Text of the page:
If Saturday’s rain kept some folks away from the first day of the Allentown Art Festival, Sunday’s blue skies more than made up for it.
To get an idea of just how successful the annual art extravaganza was, one needed only to glance down Delaware Avenue during the middle of the afternoon.
“Look at that sunshine, and look at that street,” said Mary Myszkiewicz, president of the Allentown Village Society. “When you bring out that sunshine, people come out.”
They did so in droves on Sunday, with traffic heaviest during the festival’s closing hours. Shades, sandals and sunscreen were the attire of choice.
Myszkiewicz, the 79-year-old festival chief who acts half her age, said those who came out helped make the 56th installation one of the best.
More than 385 artist booths lined Allen Street and Delaware Avenue, almost the exact number the festival had last year, and they still had to turn some away.
And as far as crowds go, Myszkiewicz said 150,000 was a safe estimate – although it’s really anyone’s guess.
“Sometimes I tell people I sit at the corner of Delaware and Allen, count all the legs and divide by two,” Myszkiewicz quipped.
For vendors like Joy Duszynski, the festival was a smashing success.
The Ann Arbor, Mich., artist had already run out of mosaic turtles by 3 p.m., to her customers’ dismay. She had sold 94 of them through the weekend.
“It’s been amazing,” Duszynski said. “Even when it rained, it rocked for me.”
Other artists like Mitzi Hall were getting their first taste of the storied festival they had heard about for years.
“People in Buffalo come here to see art,” said Hall.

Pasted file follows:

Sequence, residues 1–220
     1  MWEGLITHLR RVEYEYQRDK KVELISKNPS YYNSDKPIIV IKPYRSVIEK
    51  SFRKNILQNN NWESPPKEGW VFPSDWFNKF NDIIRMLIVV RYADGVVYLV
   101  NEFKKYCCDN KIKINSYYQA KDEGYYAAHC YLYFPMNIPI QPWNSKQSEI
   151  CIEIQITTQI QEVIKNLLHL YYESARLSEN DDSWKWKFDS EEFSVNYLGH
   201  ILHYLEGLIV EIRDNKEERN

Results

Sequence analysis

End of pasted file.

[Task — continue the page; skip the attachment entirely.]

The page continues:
“I’ve been to other places where they come to eat cheese fries and have a Diet Coke.”
“I could feel the excitement in the parking lot,” she added. “I couldn’t wait to get in here.”
Compared with Pittsburgh, where she shows most of her art, Buffalo is much “trendier,” Hall said, with more restaurants and things for artists to do.
From organizers to artists to patrons, most people said there’s no comparing one year’s festival with the next.
For some, the fact that the festival doesn’t change much year to year is a good thing.
“Why would you change this?” asked Kevin Murphy of Cheektowaga, surveying the mass of smiling people weaving from booth to booth, a new painting of an Irish cottage tucked under his wife’s arm.
“Every year it’s just the same, that’s why we come,” he added. “It’s so good.”
Funny thing is, most had little to say about the paintings and sculptures or the bracelets and necklaces tacked up for sale.
What made this year’s festival special, they said, is exactly what made last year’s, and the year before.
“It pulls in people from all walks of life,” Murphy said.
“White, black, gay, straight, young, old, whatever. I think it says a lot about Buffalo.”